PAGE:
Quinn said the Gun Line went through a rocky period in 2019-20, when the agency couldn’t keep up with a flood of gun purchase requests and fallout from COVID-19.

In 2020, the number of gun purchase applications in New Hampshire went up 63%, while Quinn’s staff was depleted by COVID-19.

“It was essentially a perfect storm,” he said.

Since last December, State Police Lt. Michael McQuade, head of the permits and licensing unit, has beefed up staff, “reduced the scope” of background checks and upgraded its phone system to speed up processing, Quinn said.

“Some of these delays were unacceptable,” Quinn said. “We have been able to keep these backlogs down. I think they are in a good position now.”

Quinn said those working on Gun Line applications do more to follow up on a gun purchaser than the federal NICS system routinely does.

“We are doing above and beyond some steps that they do,” he said. “We do more than the FBI.”

Alan Rice of Bedford, state director of Gun Owners of America, said issues with the state Gun Line have been fixed before, only for delays to return.

“This is not a new problem. This has been going on for more than 20 years. It has never been instant in New Hampshire. Never, never, ever,” he said.

Pamela Keilig, with the New Hampshire Coalition Against Domestic and Sexual Violence, said federal checks contain gaps that are picked up in the New Hampshire Gun Line.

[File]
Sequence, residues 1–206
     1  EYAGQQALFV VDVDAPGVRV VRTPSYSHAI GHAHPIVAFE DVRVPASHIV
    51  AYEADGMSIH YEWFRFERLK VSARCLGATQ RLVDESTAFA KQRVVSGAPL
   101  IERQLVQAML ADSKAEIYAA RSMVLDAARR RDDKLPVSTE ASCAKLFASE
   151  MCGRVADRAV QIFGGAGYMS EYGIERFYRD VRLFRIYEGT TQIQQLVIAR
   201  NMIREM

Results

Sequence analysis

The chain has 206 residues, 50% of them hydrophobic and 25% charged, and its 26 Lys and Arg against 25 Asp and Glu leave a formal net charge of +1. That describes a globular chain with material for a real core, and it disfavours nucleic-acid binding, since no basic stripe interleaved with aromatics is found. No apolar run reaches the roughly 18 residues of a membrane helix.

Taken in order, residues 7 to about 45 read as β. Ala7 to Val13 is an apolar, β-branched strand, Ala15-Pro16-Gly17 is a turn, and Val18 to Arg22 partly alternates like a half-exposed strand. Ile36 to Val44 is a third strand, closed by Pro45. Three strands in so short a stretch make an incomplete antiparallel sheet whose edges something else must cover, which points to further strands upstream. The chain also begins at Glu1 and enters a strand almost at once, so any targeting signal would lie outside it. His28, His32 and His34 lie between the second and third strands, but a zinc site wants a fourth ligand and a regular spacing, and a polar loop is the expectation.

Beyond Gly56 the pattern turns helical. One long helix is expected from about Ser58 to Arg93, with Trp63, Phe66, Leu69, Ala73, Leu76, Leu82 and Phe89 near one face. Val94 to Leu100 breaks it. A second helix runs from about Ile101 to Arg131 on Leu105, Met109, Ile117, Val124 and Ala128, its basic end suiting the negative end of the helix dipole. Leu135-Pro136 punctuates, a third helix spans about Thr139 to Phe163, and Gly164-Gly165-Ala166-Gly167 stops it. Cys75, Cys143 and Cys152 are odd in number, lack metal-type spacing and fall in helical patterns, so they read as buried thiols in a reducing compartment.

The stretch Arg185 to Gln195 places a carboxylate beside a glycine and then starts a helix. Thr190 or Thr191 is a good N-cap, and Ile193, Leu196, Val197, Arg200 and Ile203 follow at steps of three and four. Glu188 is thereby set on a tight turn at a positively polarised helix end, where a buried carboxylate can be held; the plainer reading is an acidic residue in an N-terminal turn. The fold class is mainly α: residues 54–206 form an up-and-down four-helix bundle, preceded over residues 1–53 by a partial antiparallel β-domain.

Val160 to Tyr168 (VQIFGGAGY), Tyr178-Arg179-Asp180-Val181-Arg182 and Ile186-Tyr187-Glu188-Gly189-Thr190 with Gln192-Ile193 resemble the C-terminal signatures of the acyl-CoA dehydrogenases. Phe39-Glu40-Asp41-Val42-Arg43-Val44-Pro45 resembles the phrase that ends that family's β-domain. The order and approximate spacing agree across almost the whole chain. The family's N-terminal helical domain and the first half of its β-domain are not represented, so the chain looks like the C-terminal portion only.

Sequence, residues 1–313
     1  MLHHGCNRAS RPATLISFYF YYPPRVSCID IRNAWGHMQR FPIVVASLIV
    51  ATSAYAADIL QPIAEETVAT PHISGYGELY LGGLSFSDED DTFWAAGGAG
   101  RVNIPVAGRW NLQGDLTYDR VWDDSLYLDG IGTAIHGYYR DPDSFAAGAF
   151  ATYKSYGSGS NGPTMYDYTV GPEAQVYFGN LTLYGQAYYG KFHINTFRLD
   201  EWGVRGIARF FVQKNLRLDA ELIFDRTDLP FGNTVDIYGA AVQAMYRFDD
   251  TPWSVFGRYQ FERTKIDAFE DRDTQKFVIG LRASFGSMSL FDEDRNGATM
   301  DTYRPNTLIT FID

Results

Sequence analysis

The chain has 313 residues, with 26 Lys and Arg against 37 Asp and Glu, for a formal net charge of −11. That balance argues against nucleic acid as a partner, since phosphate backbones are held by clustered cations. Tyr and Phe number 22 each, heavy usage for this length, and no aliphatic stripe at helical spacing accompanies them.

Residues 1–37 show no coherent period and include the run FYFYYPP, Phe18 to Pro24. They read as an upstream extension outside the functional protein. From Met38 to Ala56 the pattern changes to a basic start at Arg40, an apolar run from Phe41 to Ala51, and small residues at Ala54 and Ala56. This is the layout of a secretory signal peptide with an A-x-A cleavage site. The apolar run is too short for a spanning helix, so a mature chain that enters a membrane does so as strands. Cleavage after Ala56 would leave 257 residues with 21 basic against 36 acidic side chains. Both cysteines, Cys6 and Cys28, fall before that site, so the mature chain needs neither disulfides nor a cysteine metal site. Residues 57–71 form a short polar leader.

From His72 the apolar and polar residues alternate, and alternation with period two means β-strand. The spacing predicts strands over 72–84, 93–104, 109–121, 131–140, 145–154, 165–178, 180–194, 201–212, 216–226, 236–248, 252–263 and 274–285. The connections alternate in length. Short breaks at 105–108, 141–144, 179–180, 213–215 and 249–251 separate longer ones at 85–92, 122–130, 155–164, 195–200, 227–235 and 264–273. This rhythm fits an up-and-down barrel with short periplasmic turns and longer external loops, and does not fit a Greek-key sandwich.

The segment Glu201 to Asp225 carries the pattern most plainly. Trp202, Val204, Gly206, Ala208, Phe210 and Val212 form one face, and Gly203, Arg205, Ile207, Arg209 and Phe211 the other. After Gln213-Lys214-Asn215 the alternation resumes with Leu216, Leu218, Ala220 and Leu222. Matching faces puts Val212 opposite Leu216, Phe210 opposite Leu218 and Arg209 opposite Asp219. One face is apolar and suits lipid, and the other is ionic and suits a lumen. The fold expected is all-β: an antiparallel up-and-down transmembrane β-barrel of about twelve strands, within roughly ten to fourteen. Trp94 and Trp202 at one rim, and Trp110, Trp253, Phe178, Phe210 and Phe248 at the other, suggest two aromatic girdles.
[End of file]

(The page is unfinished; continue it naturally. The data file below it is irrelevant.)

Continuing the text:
This would allow on average “50 to 70 people” at any one time to have a gun who shouldn’t because they fell through the cracks, she said. “We are gambling with the lives of victims.”

Legal experts disagree

Sean List, a lawyer representing gun dealers, said the Department of Safety has expanded the Gun Line’s reach far beyond what was spelled out in state law or agency rule.

“We are allowing the Second Amendment rights of our residents to be denied at state bureaucratic whim,” he said.

Penny Dean of Concord, a prominent gun rights lawyer, said this law would lead to more lawsuits and delays because the federal NICS system is more complicated than the state Gun Line.

“This bill is poorly drafted and exhibits in every shape or form a fundamental misunderstanding of how background checks work,” Dean said. “If this bill passes, I am going to make multiples of the money that I make now.”

The bill would award each of the 10 county sheriffs $10,000 to train workers and obtain the computer hardware and software to process the return of guns to an average 500 owners across the state each year.

It would delay this change for six months to complete the setup for sheriffs and wind down the state’s Gun Line.

Later Wednesday, the gun rights movement fell back into line as all their activists supported the aim of another Senate-passed bill (SB 154) to prevent the state from enforcing any new executive order from President Joe Biden limiting Second Amendment rights.

Earlier this month, the House approved four other pro-gun bills, including a repeal of local ordinances (HB 307) such as firearms bans on college campuses as well as bills to keep anyone from being charged with either reckless conduct (HB 195) or criminal trespassing (HB 196) because they were displaying a gun in public.